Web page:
Japan Geoscience Union Meeting 2019

Presentation information

[E] Oral

S (Solid Earth Sciences ) » S-MP Mineralogy & Petrology

[S-MP29] Oceanic and Continental Subduction Processes

Tue. May 28, 2019 1:45 PM - 3:15 PM A08 (TOKYO BAY MAKUHARI HALL)

convener:REHMAN Ur Hafiz(Department of Earth and Environmental Sciences, Graduate School of Science and Engineering, Kagoshima University), Tatsuki Tsujimori(Tohoku University), Chin-Ho Tsai(Department of Natural Resources and Environmental Studies, National Dong Hwa University), Kazuaki Okamoto(Faculty of Education, Saitama University), Chairperson:Hafiz REHMAN(Kagoshima University), Tatsuki Tsujimori

2:15 PM - 2:45 PM

[SMP29-03] Continental subduction, “Intraslab UHP Metasomatism”, and the formation of metamorphic diamond

★Invited Papers

*Yoshihide Ogasawara1 (1.Department of Earth Sciences, Waseda University)

Keywords:intraslab UHP metasomatism, UHP metamorphism, diamond, carbonate, fluid, Kokchetav Massif

Deep continental subduction is the process carrying supracrustal materials into deep mantle, and UHP metamorphic rocks are the direct evidence for this process as the materials having the information of P-T and the chemical environments during subduction, escaped from the homogenization with mantle rocks. Usually, UHPM silicate rocks have been strongly retrograded during exhumation, and the preservation of UHPM information is limited excepting inclusions in refractory minerals; decoding the chemical processes in subducted materials is difficult. In carbonate and calc-silicate rocks, UHPM information has been well preserved and can be decoded even in the matrix because the chemical reactions in these rocks make distinct changes from the protolith chemistries, not erased during exhumation.

Carbonate-bearing assemblages have large P-T stabilities at HP/UHP and low H2O activity, and this indicates high possibility of survival of carbonates and transportation of carbon into deep mantle. H2O-fluid supply is necessary for metamorphic reactions in these rocks because H2O-fluid lowers temperatures of decarbonations. As a model showing the processes in deeply subducting continental materials, Intraslab UHP Metasomatism (metasomatism within subducting continental materials at UHP mantle depths) will be introduced on the basis of our last 20 years research on the Kokchetav UHPM rocks. In this model, key materials are H2O and CO2 in the subducting continental slab, and a key process is H2O-fluid infiltration within the slab. The outline of this model is as follows. 1) In the subducting slab, silicate rocks (gneisses and eclogite) were a H2O reservoir, and carbonate and calc-silicate rocks were a CO2 reservoir. 2) During subduction, H2O-fluid with several components (e.g. C, K, Ti) occurred by dehydrations of silicate rocks. 3) Dehydrations in silicate rocks preceded decarbonation reactions in carbonate and calc-silicate rocks. 4) Infiltration of H2O-fluid into carbonate and calc-silicate rocks was a trigger for decarbonations. 5) H2O-fluid infiltration was controlled by the timing of dehydrations in silicate rocks and vaired in mm to cm scales to form or to characterize the mineral assemblages in carbonate and calc-silicate rocks. 6) H2O-fluid (with C-bearing species) contributed to the formation of diamond in some carbonate calc-silicate rocks. 7) Modal compositions of carbonates in the protoliths controlled the survival of carbonate depending on the intensity of fluid infiltration.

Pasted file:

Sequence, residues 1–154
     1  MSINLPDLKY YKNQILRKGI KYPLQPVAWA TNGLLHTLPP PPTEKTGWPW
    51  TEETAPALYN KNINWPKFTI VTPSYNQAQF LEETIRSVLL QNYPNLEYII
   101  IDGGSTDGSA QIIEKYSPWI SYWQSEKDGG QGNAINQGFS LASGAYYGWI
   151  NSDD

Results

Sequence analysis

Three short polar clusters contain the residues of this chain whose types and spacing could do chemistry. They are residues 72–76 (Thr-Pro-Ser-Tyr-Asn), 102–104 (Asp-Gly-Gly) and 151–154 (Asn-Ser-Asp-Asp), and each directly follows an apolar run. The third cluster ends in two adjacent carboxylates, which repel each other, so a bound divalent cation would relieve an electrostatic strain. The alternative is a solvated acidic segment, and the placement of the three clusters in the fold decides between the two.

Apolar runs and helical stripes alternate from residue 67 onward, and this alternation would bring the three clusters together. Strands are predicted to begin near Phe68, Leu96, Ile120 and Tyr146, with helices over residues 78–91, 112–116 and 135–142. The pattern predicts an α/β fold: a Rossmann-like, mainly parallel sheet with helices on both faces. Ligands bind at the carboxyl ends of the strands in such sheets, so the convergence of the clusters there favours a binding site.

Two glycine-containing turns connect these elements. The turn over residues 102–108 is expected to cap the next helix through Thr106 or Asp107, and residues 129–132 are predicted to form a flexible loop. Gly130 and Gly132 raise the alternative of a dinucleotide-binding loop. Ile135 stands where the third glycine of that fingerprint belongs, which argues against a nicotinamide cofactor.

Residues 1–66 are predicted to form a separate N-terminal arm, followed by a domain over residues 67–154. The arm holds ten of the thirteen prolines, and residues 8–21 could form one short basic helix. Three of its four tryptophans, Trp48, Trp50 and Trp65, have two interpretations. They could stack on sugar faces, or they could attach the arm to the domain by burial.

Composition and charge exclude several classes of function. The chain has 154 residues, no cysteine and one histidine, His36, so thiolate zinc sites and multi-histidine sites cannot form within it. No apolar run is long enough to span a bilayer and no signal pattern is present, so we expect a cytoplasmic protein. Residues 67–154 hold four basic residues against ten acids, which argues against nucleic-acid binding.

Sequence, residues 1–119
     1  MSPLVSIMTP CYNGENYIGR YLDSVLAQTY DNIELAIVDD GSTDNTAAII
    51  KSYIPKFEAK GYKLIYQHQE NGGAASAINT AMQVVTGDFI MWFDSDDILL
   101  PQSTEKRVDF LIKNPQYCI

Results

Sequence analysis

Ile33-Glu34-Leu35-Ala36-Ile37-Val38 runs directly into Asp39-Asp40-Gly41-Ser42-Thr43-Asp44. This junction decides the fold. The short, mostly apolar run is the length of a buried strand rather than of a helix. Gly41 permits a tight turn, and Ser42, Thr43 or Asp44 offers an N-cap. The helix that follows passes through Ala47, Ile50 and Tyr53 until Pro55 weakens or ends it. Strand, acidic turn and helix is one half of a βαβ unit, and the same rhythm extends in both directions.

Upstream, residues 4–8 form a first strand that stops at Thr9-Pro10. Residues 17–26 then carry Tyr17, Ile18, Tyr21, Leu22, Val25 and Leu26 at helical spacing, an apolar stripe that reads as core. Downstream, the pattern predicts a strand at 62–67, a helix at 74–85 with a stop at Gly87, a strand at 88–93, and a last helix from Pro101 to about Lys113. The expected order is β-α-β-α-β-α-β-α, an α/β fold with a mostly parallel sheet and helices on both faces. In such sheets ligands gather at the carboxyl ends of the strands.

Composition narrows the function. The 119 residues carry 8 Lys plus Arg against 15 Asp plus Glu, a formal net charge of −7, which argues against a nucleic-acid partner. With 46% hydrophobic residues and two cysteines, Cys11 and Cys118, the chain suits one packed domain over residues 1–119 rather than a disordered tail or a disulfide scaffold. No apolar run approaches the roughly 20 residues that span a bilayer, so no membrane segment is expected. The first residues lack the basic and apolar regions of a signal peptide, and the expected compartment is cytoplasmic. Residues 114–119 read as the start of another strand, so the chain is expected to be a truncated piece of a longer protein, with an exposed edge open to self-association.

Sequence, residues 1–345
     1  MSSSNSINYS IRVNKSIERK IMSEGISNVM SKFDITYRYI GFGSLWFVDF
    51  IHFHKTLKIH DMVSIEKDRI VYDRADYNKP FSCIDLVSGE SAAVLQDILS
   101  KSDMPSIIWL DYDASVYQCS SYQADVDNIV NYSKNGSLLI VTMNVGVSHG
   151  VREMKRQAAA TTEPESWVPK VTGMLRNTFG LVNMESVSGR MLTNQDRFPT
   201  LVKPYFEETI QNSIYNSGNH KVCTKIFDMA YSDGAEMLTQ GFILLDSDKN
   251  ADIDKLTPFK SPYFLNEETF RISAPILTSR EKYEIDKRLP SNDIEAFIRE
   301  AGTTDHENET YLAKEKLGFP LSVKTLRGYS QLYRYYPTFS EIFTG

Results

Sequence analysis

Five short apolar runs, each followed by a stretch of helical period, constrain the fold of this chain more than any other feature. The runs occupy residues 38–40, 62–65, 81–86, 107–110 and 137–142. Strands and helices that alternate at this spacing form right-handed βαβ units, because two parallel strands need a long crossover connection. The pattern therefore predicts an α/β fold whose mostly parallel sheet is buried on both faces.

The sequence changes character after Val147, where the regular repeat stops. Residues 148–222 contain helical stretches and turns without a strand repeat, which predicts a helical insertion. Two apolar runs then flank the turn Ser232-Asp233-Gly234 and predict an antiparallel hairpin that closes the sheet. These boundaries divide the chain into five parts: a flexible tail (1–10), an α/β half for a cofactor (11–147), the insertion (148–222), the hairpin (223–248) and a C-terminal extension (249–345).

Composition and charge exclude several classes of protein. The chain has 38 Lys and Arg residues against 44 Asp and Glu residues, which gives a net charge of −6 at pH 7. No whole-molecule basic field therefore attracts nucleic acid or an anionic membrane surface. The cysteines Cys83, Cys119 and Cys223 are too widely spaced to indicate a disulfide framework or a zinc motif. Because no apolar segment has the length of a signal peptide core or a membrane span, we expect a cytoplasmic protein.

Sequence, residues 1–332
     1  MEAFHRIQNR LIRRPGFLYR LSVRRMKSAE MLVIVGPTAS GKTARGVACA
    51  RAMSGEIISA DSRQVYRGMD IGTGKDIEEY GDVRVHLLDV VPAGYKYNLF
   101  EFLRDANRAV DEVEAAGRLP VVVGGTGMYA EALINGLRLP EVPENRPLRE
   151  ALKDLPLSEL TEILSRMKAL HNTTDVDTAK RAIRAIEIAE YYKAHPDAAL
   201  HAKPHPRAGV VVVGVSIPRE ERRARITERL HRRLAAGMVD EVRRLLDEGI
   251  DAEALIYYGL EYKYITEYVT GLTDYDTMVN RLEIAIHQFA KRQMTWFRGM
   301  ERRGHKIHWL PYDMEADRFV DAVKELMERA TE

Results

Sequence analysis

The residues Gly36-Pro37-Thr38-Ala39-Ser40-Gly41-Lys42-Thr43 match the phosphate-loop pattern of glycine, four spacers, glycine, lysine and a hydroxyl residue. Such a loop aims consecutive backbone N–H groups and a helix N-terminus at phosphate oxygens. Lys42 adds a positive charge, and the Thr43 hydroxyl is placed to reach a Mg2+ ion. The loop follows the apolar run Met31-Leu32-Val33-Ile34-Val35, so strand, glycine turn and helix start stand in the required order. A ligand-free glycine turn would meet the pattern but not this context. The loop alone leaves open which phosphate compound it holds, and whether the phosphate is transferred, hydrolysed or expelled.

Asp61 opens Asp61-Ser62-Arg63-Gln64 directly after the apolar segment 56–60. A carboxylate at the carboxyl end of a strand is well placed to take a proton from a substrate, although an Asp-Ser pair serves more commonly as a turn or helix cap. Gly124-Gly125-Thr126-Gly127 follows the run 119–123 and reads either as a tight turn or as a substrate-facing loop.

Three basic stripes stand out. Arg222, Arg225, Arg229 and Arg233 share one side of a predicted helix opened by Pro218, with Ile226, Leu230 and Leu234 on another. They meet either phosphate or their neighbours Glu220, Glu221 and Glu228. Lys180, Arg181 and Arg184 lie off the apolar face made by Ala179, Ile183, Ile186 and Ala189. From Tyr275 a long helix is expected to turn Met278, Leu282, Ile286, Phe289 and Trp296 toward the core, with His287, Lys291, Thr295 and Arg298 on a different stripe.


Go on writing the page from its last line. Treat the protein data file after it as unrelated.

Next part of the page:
The following subjects from the Kokchetav UHPM rocks support this model. A) Dolomite marble contains abundant diamond formed at two stages; 2nd stage diamond (δ13C: -17 to -27 ‰) from H2O-fluid. Dol + Di is not the highest-T assemblage and was controlled by fluid composition, XCO2 as 0.1, which was suitable for diamond formation. B) Dolomitic marble has the highest-T assemblages, Arg-Fo, Arg-Ti-Chum, but diamond was unstable because of low XCO2 as 0.01. C) Calcite (after Arg) marble with Coe exsolution in Ttn contains diamond only in Di layer, and other parts do not; this indicates short-term stability of diamond in this rock depending on changing XCO2. The later fluid was low XCO2 as 0.02; too low for diamond formation. D) Two types of Grt-Cpx rocks occur; diamond-bearing and diamond-free. Their protoliths are a mixture of silicates and carbonates. Minor diamond occurs as two modes in diamond-bearing Grt-Cpx rock; one is fine-grained (several μm) and the other is cubic (max. 200 μm). A cubic diamond has fine core and crystallized slowly from H2O-fluid on a fine grain as a seed crystal. E) In gneisses, diamond occurrence is diverse; several morphologies with different colors were observed. Two-stage growth was not confirmed. Dissolution of carbon from diamond in gneisses could be possible, and carbon was carried into dolomite marble by H2O-fluid to crystallize 2nd stage diamond.

Many of the subjects being still unclear will be mentioned as the targets of future research.